Port of Baltimore Dredging Begins

Photo by Chris Gardner, USACE

A dredging program, set to remove approximately 2 million cubic yards of material from shipping channels leading to the Port of Baltimore, officially started yesterday, the U.S. Army Corps of Engineers’ Baltimore District informs.

According to USACE, the work is part of the regular maintenance of the multiple channels that go from the mouth of the Chesapeake Bay in Virginia all the way into Baltimore Harbor that require periodic dredging to ensure continued safe navigation for vessels going in and out of the Port of Baltimore.

Photo by Chris Gardner, USACE

This project will involve dredging material from six federal channels in Maryland waters that are associated with the Port of Baltimore including the Curtis Bay, Craighill Entrance, Craighill Channel, Craighill Angle, Craighill Upper Range, and Cutoff Angle segments.

The channels will be dredged to a depth of 51 feet plus one to two feet of allowable overdepth. Work is expected to be completed by early spring 2019.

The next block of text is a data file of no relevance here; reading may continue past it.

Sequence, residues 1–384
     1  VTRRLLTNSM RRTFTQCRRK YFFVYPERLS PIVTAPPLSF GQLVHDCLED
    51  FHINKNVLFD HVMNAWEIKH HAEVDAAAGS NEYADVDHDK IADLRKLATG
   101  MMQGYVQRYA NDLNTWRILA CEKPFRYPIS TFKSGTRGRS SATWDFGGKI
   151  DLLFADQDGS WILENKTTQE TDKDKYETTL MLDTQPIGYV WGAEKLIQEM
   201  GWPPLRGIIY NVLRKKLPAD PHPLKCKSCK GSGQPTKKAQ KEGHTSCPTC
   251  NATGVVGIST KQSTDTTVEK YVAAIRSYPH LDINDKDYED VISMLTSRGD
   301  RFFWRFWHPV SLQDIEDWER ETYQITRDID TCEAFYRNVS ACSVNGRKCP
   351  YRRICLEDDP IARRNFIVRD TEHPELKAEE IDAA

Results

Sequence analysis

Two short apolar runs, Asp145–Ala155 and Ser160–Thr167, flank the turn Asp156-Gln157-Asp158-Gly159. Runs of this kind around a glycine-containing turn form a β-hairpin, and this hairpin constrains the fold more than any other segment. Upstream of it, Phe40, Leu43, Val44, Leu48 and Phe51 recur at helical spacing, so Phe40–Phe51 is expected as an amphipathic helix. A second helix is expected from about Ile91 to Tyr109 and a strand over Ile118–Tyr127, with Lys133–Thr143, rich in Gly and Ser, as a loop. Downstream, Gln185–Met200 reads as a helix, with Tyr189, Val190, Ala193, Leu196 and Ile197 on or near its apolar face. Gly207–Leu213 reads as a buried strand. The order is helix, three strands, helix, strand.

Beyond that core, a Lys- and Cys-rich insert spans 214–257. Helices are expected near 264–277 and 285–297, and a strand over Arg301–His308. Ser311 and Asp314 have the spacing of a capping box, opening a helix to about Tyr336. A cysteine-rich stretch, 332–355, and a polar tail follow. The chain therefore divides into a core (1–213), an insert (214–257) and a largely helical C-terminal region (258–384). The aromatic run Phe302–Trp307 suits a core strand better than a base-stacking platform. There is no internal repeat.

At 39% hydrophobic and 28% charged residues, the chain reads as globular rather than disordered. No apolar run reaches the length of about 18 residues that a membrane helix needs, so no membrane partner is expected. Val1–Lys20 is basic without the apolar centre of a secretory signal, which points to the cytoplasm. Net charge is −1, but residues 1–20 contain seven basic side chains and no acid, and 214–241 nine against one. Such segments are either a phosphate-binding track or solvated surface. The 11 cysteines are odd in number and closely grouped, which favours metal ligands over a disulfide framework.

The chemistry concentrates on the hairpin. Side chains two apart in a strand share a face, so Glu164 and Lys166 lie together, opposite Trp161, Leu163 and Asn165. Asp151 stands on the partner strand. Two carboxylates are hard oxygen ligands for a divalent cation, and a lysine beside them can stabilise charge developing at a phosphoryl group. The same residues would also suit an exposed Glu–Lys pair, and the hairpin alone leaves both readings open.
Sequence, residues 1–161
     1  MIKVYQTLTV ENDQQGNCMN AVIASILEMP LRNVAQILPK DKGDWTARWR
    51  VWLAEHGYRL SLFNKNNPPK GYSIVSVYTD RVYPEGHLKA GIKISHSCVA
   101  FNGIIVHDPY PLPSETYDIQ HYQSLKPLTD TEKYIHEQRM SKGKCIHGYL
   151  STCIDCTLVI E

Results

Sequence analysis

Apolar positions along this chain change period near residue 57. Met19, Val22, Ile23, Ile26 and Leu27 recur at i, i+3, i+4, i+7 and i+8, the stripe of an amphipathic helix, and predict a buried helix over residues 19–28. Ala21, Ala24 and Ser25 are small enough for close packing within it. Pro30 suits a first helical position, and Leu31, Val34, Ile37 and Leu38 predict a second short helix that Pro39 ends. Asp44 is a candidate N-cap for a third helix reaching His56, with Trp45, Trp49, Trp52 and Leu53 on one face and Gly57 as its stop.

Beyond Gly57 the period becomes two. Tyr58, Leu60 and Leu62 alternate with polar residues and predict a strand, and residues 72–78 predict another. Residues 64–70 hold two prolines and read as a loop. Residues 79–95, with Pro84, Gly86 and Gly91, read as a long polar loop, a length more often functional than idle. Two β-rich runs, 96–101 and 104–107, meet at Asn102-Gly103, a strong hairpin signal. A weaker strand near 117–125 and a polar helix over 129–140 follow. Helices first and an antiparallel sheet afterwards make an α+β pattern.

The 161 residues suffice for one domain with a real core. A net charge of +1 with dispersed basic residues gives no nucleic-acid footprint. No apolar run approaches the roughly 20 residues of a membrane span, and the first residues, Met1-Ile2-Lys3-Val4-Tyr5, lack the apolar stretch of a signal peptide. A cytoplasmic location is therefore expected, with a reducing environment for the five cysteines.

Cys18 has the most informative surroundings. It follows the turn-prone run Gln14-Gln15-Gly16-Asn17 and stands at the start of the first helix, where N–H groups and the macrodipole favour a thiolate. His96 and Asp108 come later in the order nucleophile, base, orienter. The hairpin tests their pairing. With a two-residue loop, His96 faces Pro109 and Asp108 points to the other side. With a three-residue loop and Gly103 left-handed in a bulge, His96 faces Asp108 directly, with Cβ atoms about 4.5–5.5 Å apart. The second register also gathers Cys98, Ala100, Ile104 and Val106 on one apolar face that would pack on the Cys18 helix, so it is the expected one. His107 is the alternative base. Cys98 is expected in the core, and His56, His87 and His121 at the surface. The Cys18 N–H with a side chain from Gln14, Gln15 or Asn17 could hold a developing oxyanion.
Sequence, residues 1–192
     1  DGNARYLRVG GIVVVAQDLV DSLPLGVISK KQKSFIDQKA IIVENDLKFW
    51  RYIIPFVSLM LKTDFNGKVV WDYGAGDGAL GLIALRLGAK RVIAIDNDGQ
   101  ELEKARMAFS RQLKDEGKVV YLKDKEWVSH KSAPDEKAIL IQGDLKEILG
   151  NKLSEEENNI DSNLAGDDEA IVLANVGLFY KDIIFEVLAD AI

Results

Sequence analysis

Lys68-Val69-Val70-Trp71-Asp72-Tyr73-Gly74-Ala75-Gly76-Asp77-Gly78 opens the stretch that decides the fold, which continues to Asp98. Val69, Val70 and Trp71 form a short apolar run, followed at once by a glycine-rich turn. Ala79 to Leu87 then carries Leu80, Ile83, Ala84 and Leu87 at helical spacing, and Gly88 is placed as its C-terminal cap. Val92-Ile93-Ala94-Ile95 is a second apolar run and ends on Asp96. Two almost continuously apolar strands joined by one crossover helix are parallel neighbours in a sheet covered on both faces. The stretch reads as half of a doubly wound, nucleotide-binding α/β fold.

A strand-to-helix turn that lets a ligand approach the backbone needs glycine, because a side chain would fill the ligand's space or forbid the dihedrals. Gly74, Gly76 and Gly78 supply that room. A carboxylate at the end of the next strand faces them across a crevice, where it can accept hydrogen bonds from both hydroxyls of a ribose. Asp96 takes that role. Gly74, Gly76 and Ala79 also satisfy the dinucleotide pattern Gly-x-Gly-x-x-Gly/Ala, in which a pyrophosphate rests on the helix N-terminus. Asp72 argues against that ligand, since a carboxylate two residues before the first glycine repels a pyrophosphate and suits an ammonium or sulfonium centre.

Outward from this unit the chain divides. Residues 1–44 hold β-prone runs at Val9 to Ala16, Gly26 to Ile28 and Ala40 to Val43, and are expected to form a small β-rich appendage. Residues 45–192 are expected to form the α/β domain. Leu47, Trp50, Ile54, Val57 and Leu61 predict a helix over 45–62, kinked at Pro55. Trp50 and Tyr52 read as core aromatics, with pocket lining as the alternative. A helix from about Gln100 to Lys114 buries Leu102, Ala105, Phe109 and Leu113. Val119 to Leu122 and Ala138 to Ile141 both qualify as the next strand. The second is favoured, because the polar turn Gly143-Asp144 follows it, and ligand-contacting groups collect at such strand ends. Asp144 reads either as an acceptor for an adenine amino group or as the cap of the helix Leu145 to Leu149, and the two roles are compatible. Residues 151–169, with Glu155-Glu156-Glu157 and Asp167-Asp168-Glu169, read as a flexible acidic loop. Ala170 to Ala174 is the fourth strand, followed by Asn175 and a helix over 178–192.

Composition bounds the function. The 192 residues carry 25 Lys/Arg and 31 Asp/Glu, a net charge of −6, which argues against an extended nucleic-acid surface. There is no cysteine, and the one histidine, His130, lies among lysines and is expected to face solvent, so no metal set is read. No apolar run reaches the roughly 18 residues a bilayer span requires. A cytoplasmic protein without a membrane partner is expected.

Whether people realize it or not, the Port of Baltimore is one of the key economic engines for Baltimore, the state of Maryland and really the whole region, and maintaining shipping channels like we’re doing with this work is extremely important,” said Baltimore District Commander Col. John Litz.

We’re happy to be able to carry out dredging on six channels this year coordinating closely with our partners in the Maryland Port Administration to maintain the depths of these vital channels and ensure the Port of Baltimore can continue to serve the region.”

The work is being done through a $17.5 million contract that was awarded to Norfolk Dredging of Virginia.

Mud, silt, sand and shell

The approximately 2 million cubic yards of material consists primarily of mud, silt, sand, shell, and mixtures thereof and will be placed at two sites.

Approximately 400,000 cubic yards of material from the Curtis Bay Channel will be placed at the Masonville Dredge Material Containment Facility (DMCF), located in Anne Arundel County.

Around 1.6 million cubic yards of material dredged from Chesapeake Bay channels, including the Craighill Entrance, Craighill Channel, Craighill Angle, Craighill Upper Range, and the Cutoff Angle channels, will be beneficially reused at the Paul S. Sarbanes Ecosystem Restoration Project at Poplar Island, located in the eastern Chesapeake Bay near Tilghman Island in Talbot County, Maryland.

The U.S. Army Corps of Engineers anticipates also awarding an additional dredging contract later this year for the removal of material from the York Spit Channel, an approach channel for the Port of Baltimore in Virginia waters of the Chesapeake Bay.

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